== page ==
In some cases, it will be desirable to employ photolabile blocking groups that are labile at the same wavelength of light used for analysis, e.g., excitation wavelengths, so that a single illumination system may be employed both for initiation of extension and for analysis during extension. However, in many cases, it may be desirable to separate the activation illumination from the analysis illumination, e.g., to avoid continued activation over time during analysis, that might lead to interference with the analysis. Depending upon the analysis wavelength(s), one may readily select from the variety of available protecting groups based upon their labile wavelengths.
For example, for those aspects of the invention that would benefit from the use of longer wavelengths for deprotection/extension initiation, appropriate longer wavelength labile groups would be used, such as brominated 7-hydroxycoumarin-4yl-methyls, which are photolabile at around 740 nm. Other such groups are known to those of skill in the art.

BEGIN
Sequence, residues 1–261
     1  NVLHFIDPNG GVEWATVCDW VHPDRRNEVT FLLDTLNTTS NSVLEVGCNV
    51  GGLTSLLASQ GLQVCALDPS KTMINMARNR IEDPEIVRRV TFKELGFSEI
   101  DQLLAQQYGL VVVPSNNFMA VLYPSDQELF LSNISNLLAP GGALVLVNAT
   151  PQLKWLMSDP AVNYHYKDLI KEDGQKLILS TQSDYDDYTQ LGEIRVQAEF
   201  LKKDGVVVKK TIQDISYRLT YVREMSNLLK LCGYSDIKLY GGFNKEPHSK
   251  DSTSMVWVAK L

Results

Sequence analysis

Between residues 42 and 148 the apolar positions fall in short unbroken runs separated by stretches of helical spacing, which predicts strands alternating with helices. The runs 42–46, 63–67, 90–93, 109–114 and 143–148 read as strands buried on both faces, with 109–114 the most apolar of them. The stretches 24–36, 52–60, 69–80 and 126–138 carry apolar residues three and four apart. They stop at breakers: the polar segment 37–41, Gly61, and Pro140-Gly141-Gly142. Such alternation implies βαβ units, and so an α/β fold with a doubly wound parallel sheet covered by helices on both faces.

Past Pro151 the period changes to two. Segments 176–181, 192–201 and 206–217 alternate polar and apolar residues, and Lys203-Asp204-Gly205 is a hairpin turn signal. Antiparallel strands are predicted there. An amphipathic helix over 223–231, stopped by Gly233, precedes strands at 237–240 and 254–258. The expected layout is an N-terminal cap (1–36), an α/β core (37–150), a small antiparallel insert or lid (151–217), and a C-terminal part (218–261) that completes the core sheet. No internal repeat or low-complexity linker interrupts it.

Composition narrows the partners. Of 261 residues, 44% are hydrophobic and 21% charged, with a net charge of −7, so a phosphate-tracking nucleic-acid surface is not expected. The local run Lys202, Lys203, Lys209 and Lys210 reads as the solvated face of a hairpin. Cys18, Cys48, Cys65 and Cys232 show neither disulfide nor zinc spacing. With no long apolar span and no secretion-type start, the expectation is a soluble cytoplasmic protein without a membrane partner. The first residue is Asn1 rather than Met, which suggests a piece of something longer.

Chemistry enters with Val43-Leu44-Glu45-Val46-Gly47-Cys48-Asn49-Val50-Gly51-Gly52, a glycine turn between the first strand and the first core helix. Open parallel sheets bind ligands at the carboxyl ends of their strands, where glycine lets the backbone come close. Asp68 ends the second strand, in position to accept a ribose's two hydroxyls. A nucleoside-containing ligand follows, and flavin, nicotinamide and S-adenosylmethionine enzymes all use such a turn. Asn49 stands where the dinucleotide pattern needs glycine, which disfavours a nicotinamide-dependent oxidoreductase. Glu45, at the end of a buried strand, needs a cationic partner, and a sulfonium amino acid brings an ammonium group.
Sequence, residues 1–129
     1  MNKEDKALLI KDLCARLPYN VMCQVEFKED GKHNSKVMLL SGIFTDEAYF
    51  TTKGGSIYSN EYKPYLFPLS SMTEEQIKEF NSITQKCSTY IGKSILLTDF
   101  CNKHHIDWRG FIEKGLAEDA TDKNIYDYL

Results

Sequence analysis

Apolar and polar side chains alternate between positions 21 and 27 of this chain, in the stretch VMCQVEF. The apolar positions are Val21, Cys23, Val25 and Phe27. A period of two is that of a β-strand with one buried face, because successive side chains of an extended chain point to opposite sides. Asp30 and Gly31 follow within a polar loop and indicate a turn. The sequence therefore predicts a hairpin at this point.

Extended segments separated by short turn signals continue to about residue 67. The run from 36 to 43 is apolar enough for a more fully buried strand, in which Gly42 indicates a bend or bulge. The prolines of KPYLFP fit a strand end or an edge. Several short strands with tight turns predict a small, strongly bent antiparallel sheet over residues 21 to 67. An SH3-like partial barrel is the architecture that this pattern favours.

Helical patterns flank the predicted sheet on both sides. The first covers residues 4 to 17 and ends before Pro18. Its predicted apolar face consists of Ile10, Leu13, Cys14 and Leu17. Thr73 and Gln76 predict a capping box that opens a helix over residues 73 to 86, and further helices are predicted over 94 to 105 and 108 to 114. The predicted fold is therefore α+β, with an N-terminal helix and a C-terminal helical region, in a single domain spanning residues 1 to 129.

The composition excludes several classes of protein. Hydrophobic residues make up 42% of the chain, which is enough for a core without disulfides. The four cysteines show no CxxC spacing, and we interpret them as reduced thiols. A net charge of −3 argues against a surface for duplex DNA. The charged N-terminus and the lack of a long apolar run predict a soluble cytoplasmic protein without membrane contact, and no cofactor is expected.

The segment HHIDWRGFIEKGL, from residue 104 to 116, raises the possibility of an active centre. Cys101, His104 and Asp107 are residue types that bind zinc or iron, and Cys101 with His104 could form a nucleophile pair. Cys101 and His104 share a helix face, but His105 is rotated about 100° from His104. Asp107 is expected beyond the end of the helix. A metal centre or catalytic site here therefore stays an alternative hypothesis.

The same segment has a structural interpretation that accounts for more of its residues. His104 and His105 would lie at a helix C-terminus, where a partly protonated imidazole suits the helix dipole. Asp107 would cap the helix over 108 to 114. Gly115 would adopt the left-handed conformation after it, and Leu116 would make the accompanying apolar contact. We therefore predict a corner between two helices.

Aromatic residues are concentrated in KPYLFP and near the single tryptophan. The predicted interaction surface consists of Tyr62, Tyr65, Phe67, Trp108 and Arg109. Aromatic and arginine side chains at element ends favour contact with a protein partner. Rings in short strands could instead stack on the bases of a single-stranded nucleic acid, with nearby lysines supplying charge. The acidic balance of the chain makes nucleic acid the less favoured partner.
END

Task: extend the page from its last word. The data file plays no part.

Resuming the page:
Also useful are such photolabile groups for coupling to alcohols, including, e.g., some of the groups described above, as well as p-nitrobenzyloxymethyl ether, p-methoxybenzylether, p-nitrobenzylether, mono, di or trimethoxytrityls, diphenylmethylsilyl ether, sisyl ether, 3′,5′-dimethoxybenzoincarbonate, methanesulfate, tosylate, and the like. These and a variety of other photocleavable groups may be employed in conjunction with this aspect of the invention, and are described in, e.g., the CRC Handbook of Organic Photochemistry and Photobiology, Second Edition, and Protective Groups in Organic Synthesis (T. W. Greene and P. G. Wuts, 3rd Ed. John Wiley & Sons, 1999), each of which is incorporated herein by reference in its entirety for all purposes.